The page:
Guiana Shield: working together to better protect the Amazon Rainforest

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Latin AmericaSuriname French Guiana
Guiana Shield
Working together to better protect
the Amazon Rainforest
1 billion
tons of CO2 are stored by the Guiana Shield forest
17,000
hectares of forest disappeared on the Shield in 2015
3
countries are cooperating to protect the forest
France, Suriname and Guiana have launched a cooperation program which aims to better protect the natural areas of the Guiana Shield. The objective: develop data and experience sharing. An initiative which should take root.

It is one of the largest protected tropical rainforests in the world. The Guiana Shield is located to the northwest of the Amazon Forest and is home to an exceptional biodiversity. It plays a key role in the fight against climate change, by alone storing over a billion tons of CO2 in its trees and soils.

But this area does not escape deforestation and pollution: over 17,000 hectares of forest disappeared there in 2015, while several rivers have been contaminated with heavy metals, according to WWF.

At issue: illegal logging and gold mining, which are widespread in the region, but also the conversion of forests into agricultural crops, roads or reservoirs upstream from hydropower dams. And this despite the fact that a large part of this tropical rainforest is supposed to be protected.


For further reading: In India, Assam forests restored


The preservation of the Guiana Shield comes up against a major obstacle: the area is managed by 6 different countries – Colombia, Venezuela, Guyana, Suriname, France (French Guiana) and Brazil – without consultation or the exchange of good practices.

However, the situation is changing. Three countries have just launched a joint program called “RENFORESAP”, which aims to strengthen their cooperation in order to better protect the area.
 

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Three countries cooperating to protect the forest
In early October, the managers of protected areas from French Guiana, Suriname and Guyana met for the first time in Paramaribo (Suriname) to share their experience and scientific data, during the official launch of the program.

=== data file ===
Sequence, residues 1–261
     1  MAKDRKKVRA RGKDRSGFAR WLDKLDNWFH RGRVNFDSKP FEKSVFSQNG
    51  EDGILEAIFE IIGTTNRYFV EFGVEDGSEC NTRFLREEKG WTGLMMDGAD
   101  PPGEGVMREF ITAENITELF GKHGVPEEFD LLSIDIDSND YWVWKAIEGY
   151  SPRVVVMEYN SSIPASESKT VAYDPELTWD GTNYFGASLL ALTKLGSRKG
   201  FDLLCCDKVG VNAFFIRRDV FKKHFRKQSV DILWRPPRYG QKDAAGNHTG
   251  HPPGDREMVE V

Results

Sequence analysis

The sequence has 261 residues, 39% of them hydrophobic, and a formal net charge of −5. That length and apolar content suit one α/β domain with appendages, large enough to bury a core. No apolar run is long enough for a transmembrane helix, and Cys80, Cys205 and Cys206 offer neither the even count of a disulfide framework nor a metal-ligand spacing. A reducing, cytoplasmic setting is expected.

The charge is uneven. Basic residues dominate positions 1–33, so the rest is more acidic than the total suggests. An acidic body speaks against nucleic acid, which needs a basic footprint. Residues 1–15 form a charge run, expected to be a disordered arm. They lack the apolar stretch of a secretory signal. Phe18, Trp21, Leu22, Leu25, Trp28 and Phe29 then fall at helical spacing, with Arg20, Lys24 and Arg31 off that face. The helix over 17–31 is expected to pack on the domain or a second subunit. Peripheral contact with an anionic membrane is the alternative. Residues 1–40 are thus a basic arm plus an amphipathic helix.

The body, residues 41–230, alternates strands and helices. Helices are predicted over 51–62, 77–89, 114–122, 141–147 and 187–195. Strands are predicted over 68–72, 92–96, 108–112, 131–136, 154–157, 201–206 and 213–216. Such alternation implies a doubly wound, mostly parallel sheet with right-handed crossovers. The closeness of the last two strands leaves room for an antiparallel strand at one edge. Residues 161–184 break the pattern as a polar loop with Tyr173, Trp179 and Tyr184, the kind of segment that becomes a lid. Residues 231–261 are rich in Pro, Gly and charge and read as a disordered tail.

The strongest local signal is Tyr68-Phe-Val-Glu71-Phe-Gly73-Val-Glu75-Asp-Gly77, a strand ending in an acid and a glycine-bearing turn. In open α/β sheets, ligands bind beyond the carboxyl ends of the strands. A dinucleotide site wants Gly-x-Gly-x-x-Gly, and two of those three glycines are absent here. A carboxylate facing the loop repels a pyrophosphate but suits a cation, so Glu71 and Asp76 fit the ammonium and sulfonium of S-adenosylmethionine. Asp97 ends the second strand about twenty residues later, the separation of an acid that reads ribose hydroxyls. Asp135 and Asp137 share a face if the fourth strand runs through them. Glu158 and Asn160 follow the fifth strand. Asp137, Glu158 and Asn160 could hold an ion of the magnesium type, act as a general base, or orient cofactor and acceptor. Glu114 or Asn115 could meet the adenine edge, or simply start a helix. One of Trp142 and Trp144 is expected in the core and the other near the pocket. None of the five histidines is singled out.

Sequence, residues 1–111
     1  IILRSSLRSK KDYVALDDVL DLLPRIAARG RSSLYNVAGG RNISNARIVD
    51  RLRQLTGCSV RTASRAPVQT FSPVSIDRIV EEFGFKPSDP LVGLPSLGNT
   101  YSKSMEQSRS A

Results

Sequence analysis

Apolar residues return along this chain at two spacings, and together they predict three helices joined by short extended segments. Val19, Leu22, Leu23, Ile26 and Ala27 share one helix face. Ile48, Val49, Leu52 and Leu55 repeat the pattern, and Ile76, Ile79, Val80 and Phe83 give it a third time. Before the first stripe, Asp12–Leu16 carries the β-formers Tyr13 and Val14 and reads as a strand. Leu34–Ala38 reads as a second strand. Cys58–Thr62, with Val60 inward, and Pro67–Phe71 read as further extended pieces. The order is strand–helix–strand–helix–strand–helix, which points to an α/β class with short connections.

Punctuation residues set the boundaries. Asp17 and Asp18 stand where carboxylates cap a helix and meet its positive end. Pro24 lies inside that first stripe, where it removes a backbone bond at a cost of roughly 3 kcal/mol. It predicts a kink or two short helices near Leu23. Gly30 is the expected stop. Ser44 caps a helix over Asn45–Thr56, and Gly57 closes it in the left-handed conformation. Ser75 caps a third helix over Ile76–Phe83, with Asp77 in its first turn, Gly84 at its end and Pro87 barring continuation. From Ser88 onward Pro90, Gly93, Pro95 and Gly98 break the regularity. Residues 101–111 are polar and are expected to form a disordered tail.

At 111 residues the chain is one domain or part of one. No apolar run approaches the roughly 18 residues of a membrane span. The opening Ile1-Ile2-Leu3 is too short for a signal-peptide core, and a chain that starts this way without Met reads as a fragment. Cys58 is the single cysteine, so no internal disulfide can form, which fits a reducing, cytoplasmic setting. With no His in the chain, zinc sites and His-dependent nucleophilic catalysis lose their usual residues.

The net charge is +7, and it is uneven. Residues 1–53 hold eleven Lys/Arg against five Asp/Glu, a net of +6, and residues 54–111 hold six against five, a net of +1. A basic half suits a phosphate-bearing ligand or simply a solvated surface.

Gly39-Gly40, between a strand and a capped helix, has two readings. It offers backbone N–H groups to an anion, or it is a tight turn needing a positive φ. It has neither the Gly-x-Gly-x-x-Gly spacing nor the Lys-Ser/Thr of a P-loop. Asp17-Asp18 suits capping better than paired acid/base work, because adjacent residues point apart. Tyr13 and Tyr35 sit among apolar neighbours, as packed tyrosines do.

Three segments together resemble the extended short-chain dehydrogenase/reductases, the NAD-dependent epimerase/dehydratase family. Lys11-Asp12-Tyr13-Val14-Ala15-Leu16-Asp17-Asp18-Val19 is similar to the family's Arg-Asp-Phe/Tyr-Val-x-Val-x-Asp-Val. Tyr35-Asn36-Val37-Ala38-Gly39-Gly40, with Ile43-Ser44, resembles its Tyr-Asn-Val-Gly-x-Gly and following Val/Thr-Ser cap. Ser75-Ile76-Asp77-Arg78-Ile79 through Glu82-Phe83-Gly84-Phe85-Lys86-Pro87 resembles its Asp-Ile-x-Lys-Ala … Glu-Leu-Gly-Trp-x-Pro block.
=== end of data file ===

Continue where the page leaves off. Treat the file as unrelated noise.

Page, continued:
This cooperation, led by the Guiana Amazonian Park, will continue until 2020 via joint workshops and field visits on four thematic areas: ecotourism, sustainable natural resources management, illegal gold mining and the transmission of living cultural heritage.

“It will also allow us to take stock of what is not working, so that we can come up with solutions to the common issues of the three countries”, points out Sevahnee Pyneeandy, coordinator of the RENFORESAP project at the Guiana Amazonian Park
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Involving local communities
The project pays particular attention to the needs of communities living in the forest areas in question.

“The recognition and strengthening of Amerindian and Bushinengue identities have taken on particular importance for the protected areas of the Guiana Shield, with large-scale local actions combining participation and inclusive governance, active support to people who communicate traditional practices and the promotion of know-how”, points out Sevahnee Pyneeandy, coordinator of the RENFORESAP project.
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Europe and AFD commit
RENFORESAP is largely financed by the European Union, via its Interreg Amazon Cooperation Programme (IACP), and is also benefiting from a EUR 20,000 AFD grant. A project central to the approach to safeguard the climate and common goods implemented by AFD for many years.
This publication only engages AFD. It does not engage the responsibility of the European Union.
This publication only engages AFD. It does not engage the responsibility of the European Union.